Vancouver home sales plunge; Toronto home sales up

The real estate boards of both Vancouver and Toronto released their home sales data this week, and they look like a repeat of August: Vancouver home sales are still plunging, and Toronto home sales are still rising.

Toronto Real Estate Board (TREB) reported 9,902 sales in September 2016, which is up by 21.5 per cent compared to September 2015. In the Greater Toronto Area (GTA), the average home price rose 20.4 per cent from September last year to $755,755 and the number of transactions in the GTA also rose 21.5 per cent. Although there was a lack of supply in Toronto itself, TREB said the GTA saw strong growth in sales transactions for all major home types.

“The Toronto Real Estate Board will be closely monitoring how the recent changes to federal mortgage lending guidelines and capital gains tax exemption rules impact the housing market in the Greater Toronto Area,” Jason Mercer, the board's director of market analysis, said in a statement Wednesday.

In Vancouver, however, September home sales dropped 32.6 per cent compared to September 2015, which follows a 26 per cent year-over-year decline in August and a dip of about 19 per cent the previous month. Home prices continued to rise, although experts are uncertain as to whether or not that will continue.

“This looks like the top of the hump,” said Tom Davidoff, an economist at the University of British Columbia's Sauder School of Business. “Typically, before prices fall transaction volumes fall. It looks like that's the direction in which we're heading.”

Davidoff predicts housing prices will sink at least 10 per cent over the coming year. He attributed the drop in large part to the provincial government’s 15 per cent tax on foreign buyers that came into effect in August, and said that decreasing demand from foreign buyers will also give locals less of an incentive to buy.

"The only reason you’d [buy] is because you expect prices to grow. Well, if you think the foreign buyer’s gone, that’s off the table. So where's the demand now?” Davidoff asked.

There were 2,253 homes sold last month recorded by the Greater Vancouver Real Estate Board, a steep dip from the 3,345 home sales recorded in September 2015. This decline in sales was the largest among detached homes, where sales declined 47.6 per cent when compared to the same period last year. Sales of attached homes decreased 32.2 per cent, while condo sales slipped 20.3 per cent.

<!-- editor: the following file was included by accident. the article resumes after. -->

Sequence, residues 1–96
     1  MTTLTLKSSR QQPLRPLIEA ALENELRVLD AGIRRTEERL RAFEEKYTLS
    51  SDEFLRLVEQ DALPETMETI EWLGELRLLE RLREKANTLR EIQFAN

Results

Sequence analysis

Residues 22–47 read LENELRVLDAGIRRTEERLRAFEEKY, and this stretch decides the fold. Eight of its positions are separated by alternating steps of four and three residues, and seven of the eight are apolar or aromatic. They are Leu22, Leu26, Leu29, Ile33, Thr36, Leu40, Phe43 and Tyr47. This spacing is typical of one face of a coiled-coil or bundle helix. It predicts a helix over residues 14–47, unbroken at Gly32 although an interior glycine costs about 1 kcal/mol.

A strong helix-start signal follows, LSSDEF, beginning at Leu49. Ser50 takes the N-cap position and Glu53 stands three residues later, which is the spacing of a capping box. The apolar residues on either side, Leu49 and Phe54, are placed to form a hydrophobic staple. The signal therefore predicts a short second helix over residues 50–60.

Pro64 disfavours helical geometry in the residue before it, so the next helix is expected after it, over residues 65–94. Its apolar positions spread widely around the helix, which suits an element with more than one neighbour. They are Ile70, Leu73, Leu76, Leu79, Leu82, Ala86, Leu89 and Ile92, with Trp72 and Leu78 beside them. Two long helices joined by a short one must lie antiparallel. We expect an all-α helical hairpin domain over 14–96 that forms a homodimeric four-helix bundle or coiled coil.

September was the second month the 15 per cent tax applied to non-residents purchasing property in the city, but Marc Pinsonneault, a senior economist at the National Bank of Canada, said the impact of the 15 per cent tax is overstated. He pointed out that when seasonally adjusted, home sales have been dropping every month since February, months before the tax was introduced.

“How can you say that there’s a large portion of that decline over a year ago that comes from the tax?” Pinsonneault said.

Regardless of the reason, he agrees with Davidoff that home prices in Vancouver will decline 10 per cent over the coming year, adding that the price decline will be most pronounced at the top end of the market and less so with condominiums and townhouses.

Andrey Pavlov, a business professor at Simon Fraser University in Vancouver, said the most interesting element of the Greater Vancouver Real Estate Board’s report was that the number of sales dropped at the same time as the number of listings rose.

“This is the first time this has happened,” he said. “If this trend holds up we’re going to have increasing listings, decreasing sales and prices are going to start adjusting.”

In addition to B.C.’s foreign-buyers tax, Pavlov said the real estate market is being influenced by Vancouver’s proposed vacancy tax, as well as measures announced Monday by the federal government that will tighten up mortgage qualification rules as well as close tax loopholes for foreign buyers.

“When you have that kind of situation people say, ‘Well, clearly the government is putting a cap on real estate and I’d be better off to wait a little and see how this thing resolves,” he said.

There’s also been anecdotal evidence that some foreign buyers have shifted their focus from Vancouver to other cities, including Toronto.

The average sale price for detached houses in Toronto proper rose to $1.29 million, up 23 per cent from a year earlier. The comparable price for detached houses in surrounding areas was $928,414, up 26.6 per cent. The real estate board’s benchmark price index was up 18 per cent from September 2015, after adjusting to various types of housing. Condo prices in Toronto grew 6.5 per cent to $446,729, while condo prices in other parts of the GTA were up 19.4 per cent to $367,260.

“While these changes are pointed at the demand for ownership housing, it is important to note that much of the upward pressure on home prices in the GTA has been based on the declining inventory of homes available for sale,” Mercer said.

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